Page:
In most cases, the α-HCD protein also is found in the jejunal secretions.34 α-HCD protein has been found in the intestinal or gastric fluid in a few cases when it was undetectable in serum and urine. The concentration of α-HCD protein in the urine is low. Bence Jones proteinuria has never been documented.
Synthesis of the α-HCD protein by the proliferating cells has been demonstrated by immunohistochemical or immunocytochemical methods and by biosynthesis studies in vitro.35 These techniques are helpful in the recognition of nonsecreting forms of α-HCD.
HEMATOLOGIC AND METABOLIC ABNORMALITIES
Mild to moderate anemia is often found. Hypokalemia, hypocalcemia, hypomagnesemia, and hypoalbuminemia are common. The intestinal isoenzyme fraction of the alkaline phosphatase level may be increased. Results of tests to indicate malabsorption are usually positive.
Abnormal radiographic findings of the small intestine include hypertrophic and pseudopolypoid mucosal folds, occasionally associated with strictures and filling defects. The extent of the disease should be evaluated with computed tomography.
α-HCD intestinal lesions nearly always affect the duodenum and jejunum, making endoscopy with biopsy a useful tool in the evaluation of patients in whom α-HCD is suspected. Several endoscopic patterns have been defined. The infiltrated pattern is the most specific, followed by the nodular pattern. Other primary lesions (ulcerations, mosaic pattern, and mucosal fold thickening alone) are nonspecific.
In the digestive form of α-HCD, the proliferation involves at least the proximal half of the small intestine and adjacent mesenteric lymph nodes. The whole length of the small bowel, the gastric, and the colorectal mucosae that belong to the IgA secretory system may be involved.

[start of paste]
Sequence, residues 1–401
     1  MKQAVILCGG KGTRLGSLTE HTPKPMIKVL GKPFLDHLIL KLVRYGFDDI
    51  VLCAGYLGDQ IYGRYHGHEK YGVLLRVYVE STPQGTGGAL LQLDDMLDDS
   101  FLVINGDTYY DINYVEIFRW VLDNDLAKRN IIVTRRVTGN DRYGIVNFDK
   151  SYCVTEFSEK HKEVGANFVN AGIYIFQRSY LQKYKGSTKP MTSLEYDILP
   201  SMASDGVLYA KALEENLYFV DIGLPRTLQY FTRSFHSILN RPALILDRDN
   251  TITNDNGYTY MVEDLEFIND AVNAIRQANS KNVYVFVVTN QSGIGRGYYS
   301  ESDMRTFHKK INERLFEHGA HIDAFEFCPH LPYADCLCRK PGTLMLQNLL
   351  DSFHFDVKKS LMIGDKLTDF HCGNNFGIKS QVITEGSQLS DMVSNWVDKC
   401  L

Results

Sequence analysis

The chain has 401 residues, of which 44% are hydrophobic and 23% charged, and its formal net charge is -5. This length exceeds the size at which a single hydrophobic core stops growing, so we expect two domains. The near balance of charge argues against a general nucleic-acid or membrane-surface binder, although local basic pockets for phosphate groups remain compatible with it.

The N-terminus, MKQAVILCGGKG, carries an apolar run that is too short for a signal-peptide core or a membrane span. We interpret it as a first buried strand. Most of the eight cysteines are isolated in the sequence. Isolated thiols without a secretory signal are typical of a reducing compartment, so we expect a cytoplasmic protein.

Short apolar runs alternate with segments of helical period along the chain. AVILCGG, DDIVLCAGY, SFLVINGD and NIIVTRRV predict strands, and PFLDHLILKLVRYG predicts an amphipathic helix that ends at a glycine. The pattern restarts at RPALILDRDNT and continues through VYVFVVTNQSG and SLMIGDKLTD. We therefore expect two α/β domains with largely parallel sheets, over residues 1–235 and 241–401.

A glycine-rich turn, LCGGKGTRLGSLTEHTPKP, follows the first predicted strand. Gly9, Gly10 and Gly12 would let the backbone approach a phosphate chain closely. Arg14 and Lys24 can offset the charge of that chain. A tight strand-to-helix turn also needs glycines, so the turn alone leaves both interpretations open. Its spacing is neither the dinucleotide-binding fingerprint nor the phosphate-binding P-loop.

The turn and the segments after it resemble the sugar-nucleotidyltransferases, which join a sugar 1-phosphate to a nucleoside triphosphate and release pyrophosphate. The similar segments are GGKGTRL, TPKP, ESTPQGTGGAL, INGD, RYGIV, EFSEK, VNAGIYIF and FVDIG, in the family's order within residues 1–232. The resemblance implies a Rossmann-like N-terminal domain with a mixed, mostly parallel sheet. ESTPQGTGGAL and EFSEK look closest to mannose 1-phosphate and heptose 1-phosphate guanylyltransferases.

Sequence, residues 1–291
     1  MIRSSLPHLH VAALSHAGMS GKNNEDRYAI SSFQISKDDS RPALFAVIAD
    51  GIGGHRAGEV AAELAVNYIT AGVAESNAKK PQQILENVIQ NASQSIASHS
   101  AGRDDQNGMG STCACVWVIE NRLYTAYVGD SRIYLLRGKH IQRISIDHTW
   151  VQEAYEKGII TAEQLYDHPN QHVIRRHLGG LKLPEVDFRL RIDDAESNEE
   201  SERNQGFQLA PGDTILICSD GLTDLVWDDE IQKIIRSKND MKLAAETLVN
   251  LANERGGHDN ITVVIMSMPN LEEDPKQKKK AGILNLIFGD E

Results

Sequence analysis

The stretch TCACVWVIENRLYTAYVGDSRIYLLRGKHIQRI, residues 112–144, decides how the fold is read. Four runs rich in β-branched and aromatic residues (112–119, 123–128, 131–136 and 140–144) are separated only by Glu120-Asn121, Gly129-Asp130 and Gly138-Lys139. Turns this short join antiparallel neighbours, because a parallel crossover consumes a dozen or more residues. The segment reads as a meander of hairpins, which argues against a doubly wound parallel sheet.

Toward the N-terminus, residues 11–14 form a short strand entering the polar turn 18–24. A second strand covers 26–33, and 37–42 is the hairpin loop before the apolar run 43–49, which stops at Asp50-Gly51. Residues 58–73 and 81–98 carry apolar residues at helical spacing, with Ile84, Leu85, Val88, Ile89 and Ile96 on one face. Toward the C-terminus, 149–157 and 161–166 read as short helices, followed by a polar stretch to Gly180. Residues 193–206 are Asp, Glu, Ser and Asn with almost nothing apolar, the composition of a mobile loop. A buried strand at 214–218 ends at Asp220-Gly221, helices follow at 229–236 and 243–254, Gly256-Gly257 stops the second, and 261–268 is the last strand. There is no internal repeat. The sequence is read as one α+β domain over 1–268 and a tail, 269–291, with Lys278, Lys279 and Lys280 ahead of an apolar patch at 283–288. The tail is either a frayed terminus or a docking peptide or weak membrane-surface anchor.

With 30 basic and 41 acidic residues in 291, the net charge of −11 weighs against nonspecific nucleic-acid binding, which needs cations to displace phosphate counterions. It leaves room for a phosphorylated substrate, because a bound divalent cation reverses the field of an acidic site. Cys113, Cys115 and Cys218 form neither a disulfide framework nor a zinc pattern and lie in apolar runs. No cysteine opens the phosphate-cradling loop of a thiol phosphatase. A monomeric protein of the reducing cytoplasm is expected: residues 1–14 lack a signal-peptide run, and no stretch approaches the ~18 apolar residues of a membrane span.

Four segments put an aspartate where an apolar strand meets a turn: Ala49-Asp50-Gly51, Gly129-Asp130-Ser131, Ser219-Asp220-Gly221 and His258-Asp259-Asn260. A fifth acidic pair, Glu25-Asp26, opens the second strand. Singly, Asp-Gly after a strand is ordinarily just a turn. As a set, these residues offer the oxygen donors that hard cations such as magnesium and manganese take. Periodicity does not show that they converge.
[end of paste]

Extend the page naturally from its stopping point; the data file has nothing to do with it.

The disease progresses in three histopathologic stages according to Galian and colleagues.36 In stage A, a mature plasmacytic or lymphoplasmacytic infiltration of the mucosal lamina propria is noted. Villous atrophy is variable. Stage B is characterized by the presence of atypical plasmacytic or lymphoplasmacytic cells and more or less atypical immunoblast-like cells extending at least to the submucosa. Subtotal or total villous atrophy is present. Stage C corresponds to an immunoblastic lymphoma. Similar to the changes described in the small intestine, three histologic stages (A, B, C) have been described in the mesenteric lymph nodes. Involvement of liver, spleen, and peripheral lymph nodes is uncommon. The histologic lesions may progress at any given site from stage A to stage B or from stage B to stage C. However, different stages can be found at the same time in different organs or even at different sites in the same organ. Thus, accurate pathologic staging of α-HCD requires a laparotomy with sampling of multiple sites in all patients with α-HCD in whom no stage C lesions are found on peroral biopsy. This recommendation is based on the observation that mesenteric lymph nodes may harbor malignant lymphoma when the intestinal mucosa reveals only a benign-appearing cellular infiltrate that one might be tempted to treat with antibiotics alone.37 A staging system based on anatomical spread of the disease, which is complementary to the Galian staging system has been published;38 however, most physicians use the Galian staging system for determining prognosis and therapeutic strategies.